Covid-19 has highlighted a significant problem in the UK’s manufacturing supply chain


Kevin Brundish, CEO of AMTE Power, commenting on the need for a strong, onshore supply chain in the face of global uncertainty.

Recent trade wars and political uncertainties have exposed the UK’s reliance on offshore supply chains, highlighting the threat to the effectiveness of the country’s manufacturing industry. This is especially pertinent when it comes to the unprecedented transition to electrification as the Government strives to meet its ‘Road to Zero’ targets.

The lithium ion battery is a crucial part of manufacturing an electric vehicle (EV) – representing nearly a third of the total cost – and battery manufacture is struggling to keep up with demand. Yet the market is still dependent on a few large-scale, offshore manufacturers for cell supply, with demand from major OEMs in danger of outstripping existing supply. This approach is both risky and creates uncertainty, and since December last year, the recent coronavirus pandemic has brought the nature of the UK’s supply chains into sharper focus.

Numerous car makers, including Jaguar Land Rover (JLR), faced halted production lines and closures as a direct result of China’s supply. JLR produces nearly 400,000 vehicles a year[1], and yet this output was being threatened by offshore suppliers over which it has little control. This highlights how unstable a near total reliance on key components from the Far East is for UK car makers.

Nevertheless, disruptive areas of manufacturing – such as the electrification of cars – provide a key opportunity for the country to build out an independent supply chain and infrastructure.

2020 has been labelled the year of the electric car, with many new models being introduced for consumers. This exciting news will consequently drive demand for the lithium-ion cells used at the heart of this new product revolution. The potential for Britain’s electric car industry is enormous – the market forecast is £8.7 billion by 2030, with an estimated 980,000 vehicles being made a year, leading to the creation of 103,000 jobs[2]. In order to meet this demand, having a robust onshore supply chain is crucial.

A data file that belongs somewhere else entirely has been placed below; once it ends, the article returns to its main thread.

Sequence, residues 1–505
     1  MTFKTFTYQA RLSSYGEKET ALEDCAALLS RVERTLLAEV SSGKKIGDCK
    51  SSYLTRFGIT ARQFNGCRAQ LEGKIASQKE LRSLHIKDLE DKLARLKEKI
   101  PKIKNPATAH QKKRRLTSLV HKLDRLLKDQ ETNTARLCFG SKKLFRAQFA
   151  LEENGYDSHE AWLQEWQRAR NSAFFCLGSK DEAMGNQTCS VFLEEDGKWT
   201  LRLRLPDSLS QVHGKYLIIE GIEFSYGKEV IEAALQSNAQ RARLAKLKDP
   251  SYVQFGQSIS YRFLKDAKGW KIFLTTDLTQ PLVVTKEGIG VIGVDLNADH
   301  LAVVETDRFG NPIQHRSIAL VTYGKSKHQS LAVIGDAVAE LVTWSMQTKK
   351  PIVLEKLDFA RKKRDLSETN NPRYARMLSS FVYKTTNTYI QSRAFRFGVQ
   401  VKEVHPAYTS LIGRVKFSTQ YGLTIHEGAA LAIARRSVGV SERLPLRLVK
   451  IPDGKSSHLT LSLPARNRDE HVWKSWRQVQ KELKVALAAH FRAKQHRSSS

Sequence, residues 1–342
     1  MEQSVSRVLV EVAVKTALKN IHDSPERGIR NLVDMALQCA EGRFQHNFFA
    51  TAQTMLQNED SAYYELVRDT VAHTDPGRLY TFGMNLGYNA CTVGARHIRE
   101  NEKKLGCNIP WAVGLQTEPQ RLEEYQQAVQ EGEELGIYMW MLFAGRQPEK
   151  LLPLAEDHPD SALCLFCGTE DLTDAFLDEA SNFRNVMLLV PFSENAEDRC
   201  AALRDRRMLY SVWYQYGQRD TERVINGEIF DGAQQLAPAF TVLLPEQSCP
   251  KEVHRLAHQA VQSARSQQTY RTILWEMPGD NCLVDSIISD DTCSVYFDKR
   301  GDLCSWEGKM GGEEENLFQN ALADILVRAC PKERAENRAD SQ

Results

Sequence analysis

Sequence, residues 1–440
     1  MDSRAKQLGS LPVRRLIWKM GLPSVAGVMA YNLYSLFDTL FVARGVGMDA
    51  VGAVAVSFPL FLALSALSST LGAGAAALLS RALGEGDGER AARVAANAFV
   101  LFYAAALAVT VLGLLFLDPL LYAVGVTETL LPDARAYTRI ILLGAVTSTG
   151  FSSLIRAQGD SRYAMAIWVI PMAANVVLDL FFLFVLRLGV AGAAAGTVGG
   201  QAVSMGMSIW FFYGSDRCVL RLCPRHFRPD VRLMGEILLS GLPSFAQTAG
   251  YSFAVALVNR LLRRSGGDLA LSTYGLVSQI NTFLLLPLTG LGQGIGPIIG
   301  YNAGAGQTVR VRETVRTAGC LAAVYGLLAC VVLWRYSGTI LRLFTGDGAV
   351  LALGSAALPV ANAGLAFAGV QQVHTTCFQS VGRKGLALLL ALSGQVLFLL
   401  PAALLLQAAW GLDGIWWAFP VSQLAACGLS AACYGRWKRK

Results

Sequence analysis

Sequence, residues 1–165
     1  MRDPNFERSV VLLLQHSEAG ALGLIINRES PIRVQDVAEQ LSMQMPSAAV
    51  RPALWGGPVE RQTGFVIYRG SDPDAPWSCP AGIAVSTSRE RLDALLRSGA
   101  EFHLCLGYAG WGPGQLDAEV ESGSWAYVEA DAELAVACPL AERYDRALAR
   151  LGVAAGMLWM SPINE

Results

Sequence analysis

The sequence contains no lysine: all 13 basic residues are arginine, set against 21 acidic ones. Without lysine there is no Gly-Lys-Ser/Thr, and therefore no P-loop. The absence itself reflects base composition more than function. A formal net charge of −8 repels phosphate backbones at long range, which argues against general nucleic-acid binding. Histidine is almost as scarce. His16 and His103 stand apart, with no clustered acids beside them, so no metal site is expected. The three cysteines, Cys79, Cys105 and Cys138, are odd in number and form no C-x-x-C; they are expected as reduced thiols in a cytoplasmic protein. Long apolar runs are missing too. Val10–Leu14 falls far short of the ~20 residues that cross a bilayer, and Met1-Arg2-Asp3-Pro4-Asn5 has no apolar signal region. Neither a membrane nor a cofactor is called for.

The problem remains however, that UK businesses currently require investment in order to realise the full scale of this potential.
Despite the British battery market forecast to be worth £5 billion by 2025[3], the UK is not currently designed to cope with the impending transition to electric vehicles – regardless of the UK Government’s banning of new petrol and diesel cars by 2035. In order to keep up with this evolving market, the UK Government needs to continue to prioritise the creation of onshore, full cycle battery plants instead of relying on large scale manufacturers abroad. It’s costly and increases carbon footprint to have these batteries imported – the very thing the UK Government is trying to reduce.

The UK has the talent and capabilities at home to maintain its excellence and history in niche automotive manufacturing, and the shake-up of the supply chain is likely to draw in investment and start to revitalise Britain’s car industry. Today, China accounts for more than $40 billion in auto parts production[4], some of which could be flooding into the UK manufacturing market if a robust onshore supply chain is established. This will not only provide greater support for the transition to EV technology, stimulate the economy and create jobs, but diversify the supply chain helping to mitigate the reliance on unpredictable external factors – such as Covid-19.

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